“Until I discovered he preferred Leinenkugel’s.”

“When he finished each day, he would come in and comment on how beautiful you were.”


“He did?”

“Yes. And how smart and how sexy, too. And he’d say, ‘If I was only twenty years younger …’ After a day or two, it became fifteen years. Then ten, then five, then just a couple. And then …”

“And then he died.”

“Yeah, he died.”

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“I miss him.”

“The thing is, he really liked you. And when I see you looking resplendent in that canary yellow swimsuit you’re almost wearing, I think—that’s my dad’s girl.”

Margot stared for a few moments, then wrapped her arms around her chest and turned her back to me. She bowed her head and I saw her shoulders shudder. She plowed through the water to the edge of the pond bordering her property. She called to me over her shoulder. Her voice didn’t sound quite right.

“That’s either the sweetest thing I’ve ever heard or the biggest bucket of crap. I’ll let you know what I decide.”

I went into my garage and turned the switch that fired the circulating pump. A few moments later I was standing in my backyard and watching the water arching out of the fountain and back into the pond. Margot stood on the other side of the pond in her yard. She had pulled on a white robe and was also watching the fountain. I don’t know what she was thinking. I was thinking of my dad.

I had a twelve-ounce prime rib and twice-baked potato at Rickie’s, a jazz club located in St. Paul’s Cathedral Hill neighborhood that was developing a nice reputation for showcasing gifted performers on their way up; both Diana Krall and Jane Monheit had performed there early in their careers. It also had a well-regarded dinner menu, a little pricey by my standards, but worth it, especially since they gave me the employee’s discount. I was dating the owner.

They served me at the downstairs bar. Rickie’s had two levels. The first floor reminded me of a coffeehouse. It had a large number of comfortable sofas and stuffed chairs mixed in among the tables and booths. There was even an espresso machine behind the bar. The second floor featured a larger bar set against one wall and an elevated stage with a baby grand piano set against the opposite wall. Arranged between them were a couple dozen tables covered with white linen, elaborate place settings, and candles.

I saw Nina Truhler standing on the staircase midway between the two floors, menus under her arm. I enjoyed watching her—the way she moved so smoothly and effortlessly; her short black hair, high cheekbones, narrow nose, and generous mouth; her curves, which she refused to diet away. But mostly I enjoyed her eyes, the most arresting eyes I had ever seen in a woman. From a distance they gleamed like polished silver. Up close they were the most amazing pale blue.

“Luminous,” I said quietly, pleased with the word, wondering if I had spoken it aloud before.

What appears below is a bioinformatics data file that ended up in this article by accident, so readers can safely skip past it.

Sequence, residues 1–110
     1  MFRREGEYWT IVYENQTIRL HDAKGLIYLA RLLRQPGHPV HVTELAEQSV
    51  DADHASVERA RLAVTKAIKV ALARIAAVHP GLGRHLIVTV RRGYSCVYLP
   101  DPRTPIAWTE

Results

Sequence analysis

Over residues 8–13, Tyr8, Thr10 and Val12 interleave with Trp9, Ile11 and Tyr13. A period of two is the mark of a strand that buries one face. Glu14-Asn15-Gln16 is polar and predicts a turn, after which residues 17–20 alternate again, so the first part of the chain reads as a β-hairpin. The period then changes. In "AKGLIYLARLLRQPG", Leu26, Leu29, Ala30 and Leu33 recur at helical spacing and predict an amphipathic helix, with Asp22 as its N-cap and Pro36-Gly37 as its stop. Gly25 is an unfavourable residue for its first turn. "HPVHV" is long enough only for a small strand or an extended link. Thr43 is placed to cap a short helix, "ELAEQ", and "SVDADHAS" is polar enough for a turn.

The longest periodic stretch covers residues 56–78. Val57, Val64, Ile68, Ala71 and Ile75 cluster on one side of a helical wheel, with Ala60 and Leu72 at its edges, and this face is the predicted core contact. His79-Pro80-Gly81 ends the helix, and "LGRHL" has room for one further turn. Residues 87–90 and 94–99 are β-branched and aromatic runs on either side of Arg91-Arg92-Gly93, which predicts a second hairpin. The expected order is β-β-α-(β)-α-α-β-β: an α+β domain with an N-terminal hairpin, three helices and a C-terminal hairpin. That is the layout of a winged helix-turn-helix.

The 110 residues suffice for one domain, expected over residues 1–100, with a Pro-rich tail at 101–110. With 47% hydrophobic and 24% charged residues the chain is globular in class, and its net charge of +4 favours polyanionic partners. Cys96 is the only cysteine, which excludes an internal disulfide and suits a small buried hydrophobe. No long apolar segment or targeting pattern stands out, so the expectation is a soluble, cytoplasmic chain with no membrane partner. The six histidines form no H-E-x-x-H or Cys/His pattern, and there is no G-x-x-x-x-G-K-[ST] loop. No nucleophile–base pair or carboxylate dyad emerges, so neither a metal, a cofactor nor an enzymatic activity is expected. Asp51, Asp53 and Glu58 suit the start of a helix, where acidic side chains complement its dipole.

Nina waved when she saw me. I waved back. She blew me a kiss, and I pretended to catch it. She leaned against the railing, raised her leg, arched her back, tossed back her head, and gave me her Marilyn Monroe. I pointed to the couple watching her from the bottom of the staircase. She smiled and went to them without even a suggestion of embarrassment.

We’re taught as children that everyone is special, but time and experience prove that to be a lie. It’s true we’re all different. But damn few of us are special. Nina was one of them. She always looked and behaved as though she had never had a moment of gloom or self-doubt. I knew this to be untrue. Her unplanned pregnancy and disastrous marriage, the early years raising Erica after her husband abandoned them both, and the frightening risk and punishing effort of making her club a success brought a great deal of misery into her life. Yet she survived. And how. Now it was smiles nearly all the time.

“Audacious,” I said, another word I don’t often use. Nina brought out the linguist in me.

Yet in the back of my mind I remembered what Mr. Mosley had said. I notice you ain’t never brought her around. Why hadn’t I? I wondered.

Rickie’s had two dinner crowds. The first consisted mostly of people who arrived early, ate quickly, and ran to whatever event they had planned for that evening. The second arrived later, ate slowly, and usually stayed for the upstairs entertainment that always began at 9:00 P.M. Tonight it was local chanteuse Connie Evingson performing Beatles standards to a jazz rhythm. I had caught her act twice now and looked forward to a third helping.

Nina had other plans. After the first dinner crowd was seated, she occupied the stool next to mine at the bar.

“Rickie’s on a weekend retreat sponsored by her high school,” she told me, using the name that her daughter preferred. “A confidence-building retreat.”

“Is she teaching it?”

“No, why would she be?”

“Because Rickie needs confidence like Tiger Woods needs confidence.”

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